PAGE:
Denver The Denver Post is reporting that incumbent Democrat Michael Bennet has defeated Republican challenger Ken Buck in the country’s tightest U.S. Senate race.
Bennet, appointed as a relative political unknown 22 months ago by Gov. Bill Ritter, declared victory in a press conference at Denver's City Park this afternoon.
Ken Buck said he called Senator Michael Bennet this afternoon to congratulate him on winning the U.S. Senate race.
"My Senate campaign has been the experience of a lifetime. I will be forever grateful to the thousands of Coloradans who helped make this grass-roots journey possible,” Buck said in a statement.
Bennet holds a 47.7 to 46.8 percent lead — about 15,400 votes as of 1 p.m. today — which is beyond the automatic recount threshold.
The race, which most polls predicted would be tight, lived up to expectations. As of midnight, the candidates stood only a few thousand votes apart, each with about 47 percent of the vote with about 80 percent of the precincts reporting.
Late Tuesday, The Associated Press reported that the race might be headed for a recount. Some projections showed the race coming within a half of a percentage point, which would trigger a mandatory recount under state law.
In Routt County, Bennet claimed 5,140 votes, or 58.8 percent. Buck had 3,595 votes, or 41.2 percent.
Many Republicans were perplexed as to why the U.S. Senate race was as tight as it was amid what they perceived as widespread Republican momentum.
“It’s a little strange seeing it this close,” said Marc Massey, an attorney and Buck supporter, who was sipping wine at the Greenwood Village victory party. “Some parts of this state we’ve seen big Republican surges, but maybe not in the metro area.”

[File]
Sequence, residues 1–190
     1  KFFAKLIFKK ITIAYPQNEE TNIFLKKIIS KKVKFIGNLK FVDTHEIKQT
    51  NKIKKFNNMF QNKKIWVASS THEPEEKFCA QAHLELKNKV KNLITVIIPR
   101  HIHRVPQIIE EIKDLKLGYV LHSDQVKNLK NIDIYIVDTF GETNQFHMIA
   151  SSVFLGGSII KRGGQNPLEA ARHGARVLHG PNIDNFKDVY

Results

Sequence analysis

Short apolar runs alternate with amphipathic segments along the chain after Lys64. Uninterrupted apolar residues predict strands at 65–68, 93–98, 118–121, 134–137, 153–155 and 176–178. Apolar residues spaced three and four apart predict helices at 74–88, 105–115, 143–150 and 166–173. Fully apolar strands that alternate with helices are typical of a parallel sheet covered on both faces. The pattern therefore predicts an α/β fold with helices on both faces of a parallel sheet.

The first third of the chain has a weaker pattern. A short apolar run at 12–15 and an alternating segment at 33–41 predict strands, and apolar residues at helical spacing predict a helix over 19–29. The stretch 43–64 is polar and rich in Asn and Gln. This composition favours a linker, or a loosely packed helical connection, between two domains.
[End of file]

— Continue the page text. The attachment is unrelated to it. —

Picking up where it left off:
Sean Tonner, a GOP strategist who helped Buck’s opponent Jane Norton in the primary, agreed.
“It’s a little closer than I thought it’d be,” he said. “This is a big year for Republicans, and it’s still close.”
The result carried implications for the balance of power in the Senate — which, with the Democrats’ loss of the House, looms crucial for President Barack Obama’s ability to continue his agenda. Although Republicans needed a net gain of 10 seats to assume the Senate majority, late returns had them falling short of gaining control.
Bennet filled the term of former Democratic Sen. Ken Salazar, who became interior secretary.
The razor-thin margin heading into the wee hours this morning had Democratic officials noting that, when every vote is tabulated, the difference may be as little as 2,000 votes.
Then, provisional ballots will have to be counted — a process that takes days — and Colorado reported much higher than usual provisional ballots Tuesday, according to Secretary of State Bernie Buescher.
All night, both parties exuded optimism.
“We are seeing a groundswell of support for Michael across the state, and that’s encouraging,” said Trevor Kincaid, Bennet’s campaign spokesman.
At the GOP gathering, the crowd morphed from sleepy to elated as the night dragged on and returns showed Buck closing the gap.
“Buck! Buck! Buck!” the crowd chanted, as Fox News noted the challenger’s deficit disappearing.
State Republican chairman Dick Wadhams said the constantly shifting political climate makes Colorado an interesting stage.
“It’s always completely different every year, different issues,” he said. “And it’s all going to be different again in 2012. We start tomorrow.”
Sen. Mark Udall added that the Democrats’ computer modeling suggested Bennet was hitting his projections in every part of the state.
“It appears our get-out-the-vote operation is producing,” Udall said. But he added that it felt odd not to be running a race of his own.
“You get used to being on the ballot,” he said. “I’m like a parent who’s watching his kids go out and battle. But I’m listening to voters, as well. They’re saying get to work on jobs and please work together.”
While Democratic party leaders huddled behind a curtained off area of the hotel ballroom to check computer results, Jessie Ulibarri, from a coalition of Latino get out the vote groups, said high voter turnout among Latinos will help shape 2012 no matter who wins the Senate race.
“We’ll refocus and show how big the Latino voting bloc has become,” said Ulibarri. “It’s a long battle. We’ll continue fighting.”